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Posts Tagged ‘socks’

Yeah, it’s been quite a while since my last knitting blog post. I’ve been blogging much more about hiking. But I’ve still been knitting! (Just not writing about it.) There are a couple new things I can’t reveal just yet, but here are some highlights of 2016 and early 2017. First, let’s catch up with 2016:

For further details on these projects, see my Ravelry page (login required to see the page, but the specific projects below are set for public viewing).

Next, here’s what I’ve completed so far this year (except for the stuff I can’t share yet):

Further details on these are on my Ravelry page – direct public links to the projects appear below.

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Highlights: Lots of hats, lots of socks, and several projects for work.
Lowlights: Only one sweater done. ūüė¶ And I would have liked to do more spinning and weaving.

Here are some of my favorites:

Click any of the pictures above to enter the gallery and see captions.

Further details available (including links to patterns, where I used one) on my Ravelry projects 2015 tab. (You must be logged into Ravelry to view.)

I already have a good head start on 2016 with a bulky-gauge sweater on the needles. At 3.5 stitches per inch, it’s working up very quickly.

IMG_2880

I’m using the Seamless Yoke – Adult sweater pattern from Ann Budd’s Knitter’s Handy Book of Top-Down Sweaters. The majority is knit in Cascade Yarns Eco Wool (Bovska undyed cream colorway), and the contrast color in the yoke is Targhee from Spunky Eclectic that I handspun (purchased at the NH Sheep & Wool Festival in May 2015 and spun the week after). At this point, most was done with one 200-gram skein of Eco Wool and 57 grams of the handspun. I just started the second skein of Eco Wool a few rows back, and I’m planning on using the rest of the handspun for a rolled reverse-stockinette edging on the cuffs, bottom hem, and neckline. Buttonbands will be done in Eco Wool in garter stitch. The whole sweater is garter stitch as well. Easy-peasy.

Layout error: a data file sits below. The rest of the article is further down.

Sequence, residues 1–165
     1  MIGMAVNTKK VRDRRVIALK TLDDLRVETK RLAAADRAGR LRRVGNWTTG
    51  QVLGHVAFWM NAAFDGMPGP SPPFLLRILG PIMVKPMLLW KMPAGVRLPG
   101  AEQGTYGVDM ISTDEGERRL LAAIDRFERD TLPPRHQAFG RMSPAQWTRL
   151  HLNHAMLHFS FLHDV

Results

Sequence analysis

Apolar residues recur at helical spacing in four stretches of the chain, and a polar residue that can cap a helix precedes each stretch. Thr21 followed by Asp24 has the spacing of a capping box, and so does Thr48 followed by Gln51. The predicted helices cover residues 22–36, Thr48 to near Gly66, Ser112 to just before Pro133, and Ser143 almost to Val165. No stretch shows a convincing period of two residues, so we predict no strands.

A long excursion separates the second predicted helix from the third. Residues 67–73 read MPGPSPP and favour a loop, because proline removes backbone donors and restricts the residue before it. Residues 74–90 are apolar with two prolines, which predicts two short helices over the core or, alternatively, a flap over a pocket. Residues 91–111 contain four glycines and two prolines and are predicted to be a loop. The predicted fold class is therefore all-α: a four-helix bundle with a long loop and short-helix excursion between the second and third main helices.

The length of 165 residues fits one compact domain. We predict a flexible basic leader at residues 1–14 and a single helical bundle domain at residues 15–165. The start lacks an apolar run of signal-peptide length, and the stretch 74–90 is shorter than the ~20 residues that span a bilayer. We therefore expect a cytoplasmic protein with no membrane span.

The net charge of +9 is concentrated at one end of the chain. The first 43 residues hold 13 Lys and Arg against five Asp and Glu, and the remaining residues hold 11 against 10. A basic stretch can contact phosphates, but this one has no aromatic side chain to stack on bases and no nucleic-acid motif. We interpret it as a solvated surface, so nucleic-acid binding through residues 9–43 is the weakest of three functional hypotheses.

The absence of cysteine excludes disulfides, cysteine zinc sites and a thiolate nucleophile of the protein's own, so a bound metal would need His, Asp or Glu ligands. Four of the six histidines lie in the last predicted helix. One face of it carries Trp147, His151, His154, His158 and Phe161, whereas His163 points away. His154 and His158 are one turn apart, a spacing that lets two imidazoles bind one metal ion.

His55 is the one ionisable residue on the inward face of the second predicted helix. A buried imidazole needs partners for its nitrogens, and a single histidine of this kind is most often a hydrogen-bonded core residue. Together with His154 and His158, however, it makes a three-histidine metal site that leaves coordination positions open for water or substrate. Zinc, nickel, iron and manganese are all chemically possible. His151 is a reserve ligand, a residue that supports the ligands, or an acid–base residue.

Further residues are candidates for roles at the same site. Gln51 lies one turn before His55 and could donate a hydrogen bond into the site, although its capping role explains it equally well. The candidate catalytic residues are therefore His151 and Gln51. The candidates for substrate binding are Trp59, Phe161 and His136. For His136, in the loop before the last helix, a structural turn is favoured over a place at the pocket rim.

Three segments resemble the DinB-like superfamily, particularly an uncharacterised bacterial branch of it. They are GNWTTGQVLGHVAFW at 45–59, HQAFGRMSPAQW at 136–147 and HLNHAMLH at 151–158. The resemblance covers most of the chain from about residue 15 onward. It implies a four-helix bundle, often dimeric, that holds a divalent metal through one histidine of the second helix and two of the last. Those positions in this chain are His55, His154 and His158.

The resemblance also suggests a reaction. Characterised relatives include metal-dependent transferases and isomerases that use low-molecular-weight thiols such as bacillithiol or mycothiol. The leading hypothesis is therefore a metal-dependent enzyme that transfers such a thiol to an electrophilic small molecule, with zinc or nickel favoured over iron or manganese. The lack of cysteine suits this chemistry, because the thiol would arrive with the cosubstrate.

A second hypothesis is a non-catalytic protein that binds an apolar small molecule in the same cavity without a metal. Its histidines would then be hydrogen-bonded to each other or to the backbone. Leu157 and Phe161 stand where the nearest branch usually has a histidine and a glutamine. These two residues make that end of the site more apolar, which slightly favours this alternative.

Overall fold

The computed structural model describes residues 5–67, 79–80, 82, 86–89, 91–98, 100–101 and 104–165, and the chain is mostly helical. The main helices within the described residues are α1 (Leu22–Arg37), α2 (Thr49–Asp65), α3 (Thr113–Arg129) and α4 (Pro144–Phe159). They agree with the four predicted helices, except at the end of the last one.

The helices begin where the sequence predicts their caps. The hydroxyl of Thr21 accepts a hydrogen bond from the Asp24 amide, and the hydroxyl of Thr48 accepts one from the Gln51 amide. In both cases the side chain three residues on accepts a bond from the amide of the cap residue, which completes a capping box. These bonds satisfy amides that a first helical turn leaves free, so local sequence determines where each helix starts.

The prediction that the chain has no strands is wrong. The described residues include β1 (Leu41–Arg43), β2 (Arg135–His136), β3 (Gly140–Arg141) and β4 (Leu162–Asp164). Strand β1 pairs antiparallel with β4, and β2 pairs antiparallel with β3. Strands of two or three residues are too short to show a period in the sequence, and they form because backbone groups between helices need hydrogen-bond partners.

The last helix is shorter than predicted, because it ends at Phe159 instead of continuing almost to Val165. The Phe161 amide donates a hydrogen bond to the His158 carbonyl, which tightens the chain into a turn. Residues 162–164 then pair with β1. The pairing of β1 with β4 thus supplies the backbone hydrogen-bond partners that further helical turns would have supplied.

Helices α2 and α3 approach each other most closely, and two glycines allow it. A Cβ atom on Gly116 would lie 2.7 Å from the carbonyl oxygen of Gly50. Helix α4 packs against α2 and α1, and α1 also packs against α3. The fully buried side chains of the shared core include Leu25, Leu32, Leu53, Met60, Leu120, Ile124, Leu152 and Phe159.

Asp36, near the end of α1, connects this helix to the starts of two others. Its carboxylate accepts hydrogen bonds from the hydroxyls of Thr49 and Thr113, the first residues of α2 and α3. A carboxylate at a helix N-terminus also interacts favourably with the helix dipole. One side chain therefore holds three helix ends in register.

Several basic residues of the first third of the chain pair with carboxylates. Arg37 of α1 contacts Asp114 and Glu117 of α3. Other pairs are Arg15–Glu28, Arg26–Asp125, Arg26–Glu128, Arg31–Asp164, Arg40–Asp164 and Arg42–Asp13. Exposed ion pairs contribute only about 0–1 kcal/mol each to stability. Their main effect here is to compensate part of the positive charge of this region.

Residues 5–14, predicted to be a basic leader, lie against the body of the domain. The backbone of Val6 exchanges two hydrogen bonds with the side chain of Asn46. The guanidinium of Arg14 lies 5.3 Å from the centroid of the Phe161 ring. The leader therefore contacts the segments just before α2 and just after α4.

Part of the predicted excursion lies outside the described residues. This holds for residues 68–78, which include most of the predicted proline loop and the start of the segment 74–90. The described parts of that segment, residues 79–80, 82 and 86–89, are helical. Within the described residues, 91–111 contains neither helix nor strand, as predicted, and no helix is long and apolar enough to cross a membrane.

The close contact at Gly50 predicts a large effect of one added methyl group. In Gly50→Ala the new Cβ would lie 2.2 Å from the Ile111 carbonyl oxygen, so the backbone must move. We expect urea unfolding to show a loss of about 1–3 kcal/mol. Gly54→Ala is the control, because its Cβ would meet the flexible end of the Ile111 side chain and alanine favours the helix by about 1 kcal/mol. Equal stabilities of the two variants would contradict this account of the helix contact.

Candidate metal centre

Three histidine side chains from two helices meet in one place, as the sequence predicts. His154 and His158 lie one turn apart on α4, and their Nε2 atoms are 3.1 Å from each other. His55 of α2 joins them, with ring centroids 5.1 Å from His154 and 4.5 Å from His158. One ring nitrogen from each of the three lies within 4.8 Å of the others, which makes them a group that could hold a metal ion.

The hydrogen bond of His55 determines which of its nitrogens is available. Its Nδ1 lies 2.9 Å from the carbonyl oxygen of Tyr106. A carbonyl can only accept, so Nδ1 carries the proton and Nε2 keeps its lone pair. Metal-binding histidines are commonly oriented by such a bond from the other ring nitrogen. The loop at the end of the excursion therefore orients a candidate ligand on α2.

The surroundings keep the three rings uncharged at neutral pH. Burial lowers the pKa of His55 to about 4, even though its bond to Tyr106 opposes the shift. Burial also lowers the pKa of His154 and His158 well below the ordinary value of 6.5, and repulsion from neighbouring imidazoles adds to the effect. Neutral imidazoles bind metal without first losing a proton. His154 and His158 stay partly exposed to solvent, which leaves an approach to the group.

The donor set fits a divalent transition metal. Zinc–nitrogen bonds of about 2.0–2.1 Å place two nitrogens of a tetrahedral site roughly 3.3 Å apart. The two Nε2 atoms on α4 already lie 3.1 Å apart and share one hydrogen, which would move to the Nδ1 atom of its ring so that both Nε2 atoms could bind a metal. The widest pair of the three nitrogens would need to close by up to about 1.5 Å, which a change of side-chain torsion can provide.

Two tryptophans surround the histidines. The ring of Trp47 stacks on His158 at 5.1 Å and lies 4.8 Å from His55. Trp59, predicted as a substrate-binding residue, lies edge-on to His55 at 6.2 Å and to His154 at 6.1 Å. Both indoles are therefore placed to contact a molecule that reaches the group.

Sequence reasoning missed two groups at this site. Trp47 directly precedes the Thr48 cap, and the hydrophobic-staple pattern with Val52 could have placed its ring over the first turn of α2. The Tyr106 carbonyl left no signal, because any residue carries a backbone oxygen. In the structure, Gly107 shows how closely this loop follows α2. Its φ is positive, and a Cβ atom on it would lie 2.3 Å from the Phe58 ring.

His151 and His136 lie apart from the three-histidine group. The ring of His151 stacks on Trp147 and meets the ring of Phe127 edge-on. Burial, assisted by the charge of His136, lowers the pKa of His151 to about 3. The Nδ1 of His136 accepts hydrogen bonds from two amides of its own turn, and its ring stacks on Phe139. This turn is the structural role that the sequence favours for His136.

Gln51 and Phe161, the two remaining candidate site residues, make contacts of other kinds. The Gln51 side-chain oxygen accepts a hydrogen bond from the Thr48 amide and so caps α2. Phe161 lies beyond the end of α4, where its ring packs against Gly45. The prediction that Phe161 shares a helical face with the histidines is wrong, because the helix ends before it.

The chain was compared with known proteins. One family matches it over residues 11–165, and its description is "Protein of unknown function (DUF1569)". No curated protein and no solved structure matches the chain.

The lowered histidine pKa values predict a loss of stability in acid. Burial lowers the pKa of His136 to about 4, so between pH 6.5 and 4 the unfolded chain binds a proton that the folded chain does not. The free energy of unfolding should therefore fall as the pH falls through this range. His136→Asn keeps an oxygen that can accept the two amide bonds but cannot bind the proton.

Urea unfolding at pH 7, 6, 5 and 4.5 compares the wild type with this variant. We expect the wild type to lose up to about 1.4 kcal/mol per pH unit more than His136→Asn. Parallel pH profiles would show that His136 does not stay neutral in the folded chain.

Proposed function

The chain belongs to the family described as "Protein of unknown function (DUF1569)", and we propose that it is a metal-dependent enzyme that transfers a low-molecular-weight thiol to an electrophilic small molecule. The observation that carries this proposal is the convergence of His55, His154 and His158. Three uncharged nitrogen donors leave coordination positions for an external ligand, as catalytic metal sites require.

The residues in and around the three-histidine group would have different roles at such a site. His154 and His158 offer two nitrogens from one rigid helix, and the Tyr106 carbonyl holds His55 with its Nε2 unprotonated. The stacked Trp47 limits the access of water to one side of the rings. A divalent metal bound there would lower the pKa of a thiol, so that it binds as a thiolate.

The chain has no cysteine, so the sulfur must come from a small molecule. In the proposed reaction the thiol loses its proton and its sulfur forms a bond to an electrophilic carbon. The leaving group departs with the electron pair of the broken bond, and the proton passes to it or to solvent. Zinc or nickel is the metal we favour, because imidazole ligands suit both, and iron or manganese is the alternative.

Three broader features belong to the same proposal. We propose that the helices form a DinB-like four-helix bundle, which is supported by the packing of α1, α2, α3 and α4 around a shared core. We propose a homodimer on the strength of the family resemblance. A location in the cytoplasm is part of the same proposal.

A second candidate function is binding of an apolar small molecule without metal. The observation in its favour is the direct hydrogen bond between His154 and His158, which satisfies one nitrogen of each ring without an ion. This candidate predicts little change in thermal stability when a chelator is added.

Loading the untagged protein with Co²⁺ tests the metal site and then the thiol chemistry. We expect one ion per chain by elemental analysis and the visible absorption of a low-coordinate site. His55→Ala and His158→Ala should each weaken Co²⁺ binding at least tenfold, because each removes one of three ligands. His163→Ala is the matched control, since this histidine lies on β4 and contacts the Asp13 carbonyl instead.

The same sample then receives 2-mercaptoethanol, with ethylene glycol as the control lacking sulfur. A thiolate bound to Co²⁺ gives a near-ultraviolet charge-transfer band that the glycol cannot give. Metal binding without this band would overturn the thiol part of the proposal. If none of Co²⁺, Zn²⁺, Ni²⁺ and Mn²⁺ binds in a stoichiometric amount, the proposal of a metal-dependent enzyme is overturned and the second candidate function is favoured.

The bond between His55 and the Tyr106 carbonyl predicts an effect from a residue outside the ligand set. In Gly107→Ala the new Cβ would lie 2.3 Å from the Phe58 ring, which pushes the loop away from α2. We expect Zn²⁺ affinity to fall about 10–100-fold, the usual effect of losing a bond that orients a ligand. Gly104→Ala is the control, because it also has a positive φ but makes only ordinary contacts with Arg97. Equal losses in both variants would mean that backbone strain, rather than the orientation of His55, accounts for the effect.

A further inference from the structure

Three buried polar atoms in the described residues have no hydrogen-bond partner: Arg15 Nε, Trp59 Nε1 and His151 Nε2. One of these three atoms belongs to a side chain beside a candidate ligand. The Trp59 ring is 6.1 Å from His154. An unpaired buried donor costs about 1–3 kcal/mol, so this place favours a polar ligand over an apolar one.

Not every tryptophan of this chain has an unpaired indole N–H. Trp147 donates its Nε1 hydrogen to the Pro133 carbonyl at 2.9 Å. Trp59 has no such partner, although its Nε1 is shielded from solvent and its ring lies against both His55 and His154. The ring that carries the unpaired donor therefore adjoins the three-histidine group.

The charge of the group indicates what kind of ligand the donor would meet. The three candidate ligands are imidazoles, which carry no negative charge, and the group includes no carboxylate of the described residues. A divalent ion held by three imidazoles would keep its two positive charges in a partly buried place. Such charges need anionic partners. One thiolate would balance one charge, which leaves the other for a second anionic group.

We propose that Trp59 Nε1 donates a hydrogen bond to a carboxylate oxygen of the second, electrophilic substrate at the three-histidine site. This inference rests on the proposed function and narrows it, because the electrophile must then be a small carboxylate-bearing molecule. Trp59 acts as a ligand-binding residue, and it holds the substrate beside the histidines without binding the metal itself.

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I have a new sock design in the Patternworks Toe-Up Sock of the Month Club – the fourth installment, a kit including my Trellis and Cable Socks pattern and a skein of Cascade Heritage Paints yarn, just began shipping this month. (If you just recently joined the club, you’ll have to wait a little while for this kit – but just until the fourth month of your membership!) This sock design features columns of mesh-like trellis lace flanked by cables. On the back of the sock, the cables begin at the bottom of the heel and flow smoothly up the back of the leg. The construction is toe-up (of course), with a slip-stitch heel. Sample shown is the medium size and used just a little more than 3/4 of the skein. Color shown is #9876 Olympic Forest; however, the colorway in the actual club kits may vary.

TrellisCableSocks

Trellis & Cable Socks

This pattern is now available for purchase on Ravelry!
buy-now

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Just uploaded to Ravelry today, Leaves and Climbing Vines Socks.

Leaves & Climbing Vines Socks: Toe-up on left, Cuff-down on right.

  • Pattern: Leaves and Climbing Vines by me
  • Yarns: Knit One Crochet Too Ty-Dy Socks #1272 Berries, on left; Lang Yarns Jawoll Superwash, #98 Grapeleaf, on right
  • Needles: U.S. 1 (2.25mm)
  • Started: Red, 8/12/12; Green, 8/16/12…not yet finished
  • Links: Pattern page, Red socks project page, Green socks project page

The red one was knit toe up; the green one was knit cuff down. I’ve finally started on the second green sock!

Pattern includes both toe-up and cuff-down instructions. The toe-up version has gusset increases on the bottom of the foot and a slip-stitch heel. The cuff-down version has a slip-stitch heel worked in the round with gusset increases worked at the same time, no picking up stitches down the side of a heel flap.

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Just off the needles, a Double Heelix double feature!

Double Heelix socks, first pair

  • Pattern: Double Heelix by Jeny Staiman (from Knitty, First Fall 2011)
  • Yarn: Alpaca with a Twist Socrates, color #1019 & #3018
  • Needles: U.S. 1.5 (2.5mm), used magic loop technique
  • Size made: Medium (64-stitch circumference after instep decreases)
  • Started 7/9/11, finished 7/22/11
  • Link to my Ravelry project page (login required)

As you can tell by looking at the photo, these came out too loose. Not surprised, since 64-stitch socks on 2.5mm needles always come out too big for me. But I took a chance since the heel is a unique construction and I was expecting these to be tighter around the ankle (but for me, they weren’t). I alternated the two colors in single-row stripes on the toes, and the last inch before the cuff. Each cuff is a different color. Also switched up the foot and leg colors from one sock to the other. (Yeah, it will look like I’m wearing mis-matched socks. Heh.)